10 Dec OpGen Database Helps to Reduce Bioterrorist Threat
MADISON, Wis. – The need to rapidly identify biological agents that could be used for bioterrorist attacks has led to the creation of a genome database map by OpGen Inc., a Madison based bio-informatics company that specializes in optical mapping of DNA.
One of the most infectious bacteria, Francisella tularensis, is a causative agent of Tularemia, a disease often referred to as rabbit or deer fever. The bacterium is naturally found in rodents, rabbits and hares in the United States. If F. tularensis was used as an airborne biological weapon, without treatment people could experience severe respiratory illness, including life-threatening pneumonia and systemic infection. According to the Centers for Disease Control, extremely sophisticated laboratories and skilled scientists would be needed to isolate and grow sufficient quantities of the bacteria for distribution as aerosol weapons. It is estimated that release of the organism over a population of 5 million people could result in as many as 250,000 cases of tularemia and 19,000 fatalities.
OpGen has developed single-molecule DNA analysis technology that provides for whole genome analysis in large populations. The company has applied their technology to create a genome map of this Category “A” pathogen.
“Early identification of the causative agents in disease outbreaks, whether natural, or the result of bioterror attacks, is critical to mounting an effective response,” said Colin Dykes, Chief Scientific Officer of OpGen.
According to Dykes, Francisella tularensis was selected for analysis because of its potential as a bio-terror agent and its potential to be more dangerous than anthrax as a bioterror weapon.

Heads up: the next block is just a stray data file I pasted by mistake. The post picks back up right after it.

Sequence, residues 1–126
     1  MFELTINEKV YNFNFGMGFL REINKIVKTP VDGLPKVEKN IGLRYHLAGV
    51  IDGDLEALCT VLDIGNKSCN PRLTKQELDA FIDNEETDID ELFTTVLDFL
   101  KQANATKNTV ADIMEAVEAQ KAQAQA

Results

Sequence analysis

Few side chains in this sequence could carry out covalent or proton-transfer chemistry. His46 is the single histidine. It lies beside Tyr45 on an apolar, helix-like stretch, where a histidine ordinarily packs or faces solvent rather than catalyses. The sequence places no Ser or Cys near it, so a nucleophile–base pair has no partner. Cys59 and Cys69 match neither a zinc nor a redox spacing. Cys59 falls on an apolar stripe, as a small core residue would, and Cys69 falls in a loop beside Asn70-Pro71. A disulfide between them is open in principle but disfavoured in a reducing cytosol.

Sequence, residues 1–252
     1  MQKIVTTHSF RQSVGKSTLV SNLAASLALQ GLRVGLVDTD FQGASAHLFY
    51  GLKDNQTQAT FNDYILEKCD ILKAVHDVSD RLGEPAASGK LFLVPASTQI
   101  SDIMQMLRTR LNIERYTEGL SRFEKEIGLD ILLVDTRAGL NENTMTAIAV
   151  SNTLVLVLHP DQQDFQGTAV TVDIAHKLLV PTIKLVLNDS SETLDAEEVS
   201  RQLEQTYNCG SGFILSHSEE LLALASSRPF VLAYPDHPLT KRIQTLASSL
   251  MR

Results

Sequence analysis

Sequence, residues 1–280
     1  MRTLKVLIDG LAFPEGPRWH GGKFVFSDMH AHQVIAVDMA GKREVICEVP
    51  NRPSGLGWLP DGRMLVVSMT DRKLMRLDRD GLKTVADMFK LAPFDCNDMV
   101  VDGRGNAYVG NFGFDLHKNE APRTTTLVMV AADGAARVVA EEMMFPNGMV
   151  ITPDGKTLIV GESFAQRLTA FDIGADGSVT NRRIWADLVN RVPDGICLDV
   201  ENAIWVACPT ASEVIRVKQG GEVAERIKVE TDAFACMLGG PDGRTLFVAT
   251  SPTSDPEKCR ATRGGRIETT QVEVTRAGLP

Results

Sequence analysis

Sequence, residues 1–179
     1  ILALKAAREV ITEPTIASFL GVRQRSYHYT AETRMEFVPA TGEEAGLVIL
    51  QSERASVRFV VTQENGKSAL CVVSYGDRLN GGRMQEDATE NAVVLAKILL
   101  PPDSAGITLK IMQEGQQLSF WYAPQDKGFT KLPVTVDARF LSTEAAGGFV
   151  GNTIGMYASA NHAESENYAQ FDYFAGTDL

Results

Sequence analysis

OpGen plans to prepare additional genome maps from a wide range of potential biothreat organisms, including those affecting plants and animals, as well as people, as a resource for rapid identification of suspect organisms. OpGen can also apply its genome database technology to trace the source of agents involved in disease outbreaks.
OpGen, founded in 2001, is a venture-backed company that employs about 55 people and is pioneering the analysis of whole genomes by means of optical mapping based on the research of Dr. David Schwartz, the inventor of optical mapping technologies. Optical maps are produced directly from DNA samples obtained from any genome and without the use of DNA synthesis, DNA sequencing, DNA amplification, probe labeling or microarrays. The company raised $500,000 in a Series A round of funding in October of 2001 from Mason Wells and has secured $2.3 million in a Series B round from investors that